Whilst I was looking around, Quagger had the pitch rigged but I still had plenty of time to look around further and admire the green straw that was above the pitch. I soon followed Jim down. Squeezing beside a rock that nearly blocked the passage, down a ramp with numerous marmot skulls as well as larger ones probably from bear? Dropping down the last vertical section (the Disto got 10.5m) I landed in a room much larger than expected and could hear running water through a small hole. Rounding the corner, I was further surprised by the decorations; stals growing along a dyke that caused the passage to twist, and old sparkling moonmilk caking of the rocks. The passage twisted again, soon ending… Quagger was noticeably annoyed. This was not how he recalled it! Backtracking, we followed the water and soon found the way on, smaller though it was.
We didn’t get far before a rock blocked our progress. Jim and Quagger worked at it while I continued shooting the last couple of legs with radials/splays. They soon had just one rock left but it wouldn’t budge. Thinking I’d just be able to squeeze in, the let me have a look and I soon slid through the gap… The water was falling over a large orange dyke and following it through some small passage. I didn’t think it would go at first, but lying on my belly, back brushing the roof I edge forward quickly emerging in a large room. A really old bear(?) skull on the floor had some strange purple porous material that looked like brain, but was more likely bone marrow or something of that nature. The room sloped down, I followed the breeze. There were two pits at the bottom, the water in the right one didn’t look overly promising. I stemmed over the left into a small room of clean, wet rock. Water was obviously dripping down – probably from a grike on the surface, we wouldn’t be getting through there.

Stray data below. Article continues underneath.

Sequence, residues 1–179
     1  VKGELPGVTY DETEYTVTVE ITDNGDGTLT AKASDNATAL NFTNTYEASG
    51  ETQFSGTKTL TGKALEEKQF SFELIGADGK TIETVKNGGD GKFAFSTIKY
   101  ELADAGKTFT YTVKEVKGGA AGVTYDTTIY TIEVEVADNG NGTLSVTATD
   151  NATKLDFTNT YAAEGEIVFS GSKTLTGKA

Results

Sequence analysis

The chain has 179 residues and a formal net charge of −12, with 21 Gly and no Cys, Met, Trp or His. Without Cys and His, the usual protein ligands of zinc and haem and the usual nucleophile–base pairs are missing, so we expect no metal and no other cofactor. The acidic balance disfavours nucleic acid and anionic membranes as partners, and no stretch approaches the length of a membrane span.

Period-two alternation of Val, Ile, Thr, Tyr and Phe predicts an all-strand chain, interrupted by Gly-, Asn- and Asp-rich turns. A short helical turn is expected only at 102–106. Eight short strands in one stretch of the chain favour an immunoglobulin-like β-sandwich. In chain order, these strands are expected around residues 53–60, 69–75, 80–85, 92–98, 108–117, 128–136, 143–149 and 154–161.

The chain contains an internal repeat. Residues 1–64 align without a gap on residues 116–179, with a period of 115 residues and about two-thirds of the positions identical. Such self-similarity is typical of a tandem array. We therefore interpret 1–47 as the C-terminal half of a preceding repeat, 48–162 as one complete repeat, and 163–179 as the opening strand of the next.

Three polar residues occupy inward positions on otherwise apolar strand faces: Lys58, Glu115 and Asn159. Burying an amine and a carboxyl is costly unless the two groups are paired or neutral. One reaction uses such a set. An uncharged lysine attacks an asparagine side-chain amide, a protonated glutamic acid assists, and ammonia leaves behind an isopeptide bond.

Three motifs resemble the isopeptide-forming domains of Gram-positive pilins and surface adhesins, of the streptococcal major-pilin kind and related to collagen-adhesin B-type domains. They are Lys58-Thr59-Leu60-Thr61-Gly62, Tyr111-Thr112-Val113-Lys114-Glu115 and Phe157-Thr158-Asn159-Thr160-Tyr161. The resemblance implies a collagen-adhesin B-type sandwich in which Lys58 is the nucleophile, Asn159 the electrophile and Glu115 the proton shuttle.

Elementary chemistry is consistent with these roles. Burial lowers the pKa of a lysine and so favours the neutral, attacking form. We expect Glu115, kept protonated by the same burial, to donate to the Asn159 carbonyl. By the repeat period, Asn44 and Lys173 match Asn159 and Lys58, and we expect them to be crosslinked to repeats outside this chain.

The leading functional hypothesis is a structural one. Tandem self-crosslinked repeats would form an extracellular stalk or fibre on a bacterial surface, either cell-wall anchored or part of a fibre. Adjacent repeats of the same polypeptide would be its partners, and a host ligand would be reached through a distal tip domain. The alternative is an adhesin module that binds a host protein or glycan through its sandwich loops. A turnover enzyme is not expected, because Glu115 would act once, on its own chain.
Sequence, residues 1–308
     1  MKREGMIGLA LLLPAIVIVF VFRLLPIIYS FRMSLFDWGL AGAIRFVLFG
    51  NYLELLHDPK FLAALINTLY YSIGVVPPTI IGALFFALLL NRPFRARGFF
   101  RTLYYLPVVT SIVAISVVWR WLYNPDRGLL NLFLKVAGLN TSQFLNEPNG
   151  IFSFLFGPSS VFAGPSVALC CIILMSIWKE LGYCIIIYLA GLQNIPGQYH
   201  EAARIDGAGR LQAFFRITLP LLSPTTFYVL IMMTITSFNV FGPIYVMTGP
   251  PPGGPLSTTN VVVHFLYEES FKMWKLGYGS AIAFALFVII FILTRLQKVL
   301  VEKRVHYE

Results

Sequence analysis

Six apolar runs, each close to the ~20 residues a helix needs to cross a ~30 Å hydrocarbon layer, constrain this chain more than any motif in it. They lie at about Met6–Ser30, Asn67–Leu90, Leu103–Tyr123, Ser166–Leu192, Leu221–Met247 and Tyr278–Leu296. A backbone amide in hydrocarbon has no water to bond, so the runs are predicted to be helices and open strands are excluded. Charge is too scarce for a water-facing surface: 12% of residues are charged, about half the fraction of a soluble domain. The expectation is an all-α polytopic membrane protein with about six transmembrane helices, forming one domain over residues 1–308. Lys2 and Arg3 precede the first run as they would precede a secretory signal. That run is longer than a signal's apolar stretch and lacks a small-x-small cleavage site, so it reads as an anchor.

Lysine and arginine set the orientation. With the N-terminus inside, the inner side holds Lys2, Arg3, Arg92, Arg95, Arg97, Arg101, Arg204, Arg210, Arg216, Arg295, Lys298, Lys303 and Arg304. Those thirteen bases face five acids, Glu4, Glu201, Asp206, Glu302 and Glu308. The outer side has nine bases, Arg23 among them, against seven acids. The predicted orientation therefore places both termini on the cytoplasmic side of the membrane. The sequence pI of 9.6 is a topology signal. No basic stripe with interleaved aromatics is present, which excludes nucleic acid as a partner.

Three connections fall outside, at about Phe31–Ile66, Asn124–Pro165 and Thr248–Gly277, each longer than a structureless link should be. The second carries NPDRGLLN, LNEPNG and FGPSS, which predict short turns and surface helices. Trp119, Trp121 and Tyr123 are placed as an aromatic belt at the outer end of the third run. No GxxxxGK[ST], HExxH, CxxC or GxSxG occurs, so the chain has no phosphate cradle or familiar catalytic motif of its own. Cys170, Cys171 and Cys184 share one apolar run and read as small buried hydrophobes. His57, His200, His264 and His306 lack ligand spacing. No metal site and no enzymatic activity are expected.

Realising I’d been gone some time, I headed back into voice contact. It was time to go. “We only just got here” I joked. Quagger was already ascending up; we’d be back a little late.
I located the hole at the bottom of the pitch through which I’d first heard the running water and began working at it. Jim soon helped me from the other side and had it large enough that I could get through. Up we went. Back on the surface, Quagger set a cracking pace. I didn’t see him the whole way down. Not even at the tree! (Too much berry feasting?). Just before I reached my coat I’d left hanging by the trail I encountered Jim hurrying back up. He’d left his rain pants at the tree where we hadn’t stopped. Drats!
Reunited at the car we quickly packed and headed off. A bit of work done – but still more to do. The long hike inhibits day surveying and exploration, and being my last day on the island, I’d have to rely on the others to carry the torch. Thanks for another great trip!
N.B. The Marmot Society is interested in any marmot sightings on the island. Read more here: https://marmots.org/
an ~11hr day? (1.5hrs driving)
After the trip, having recently caved with David Wall in the Woodwind Area, and experiencing first-hand his passion for cave archaeology. I put them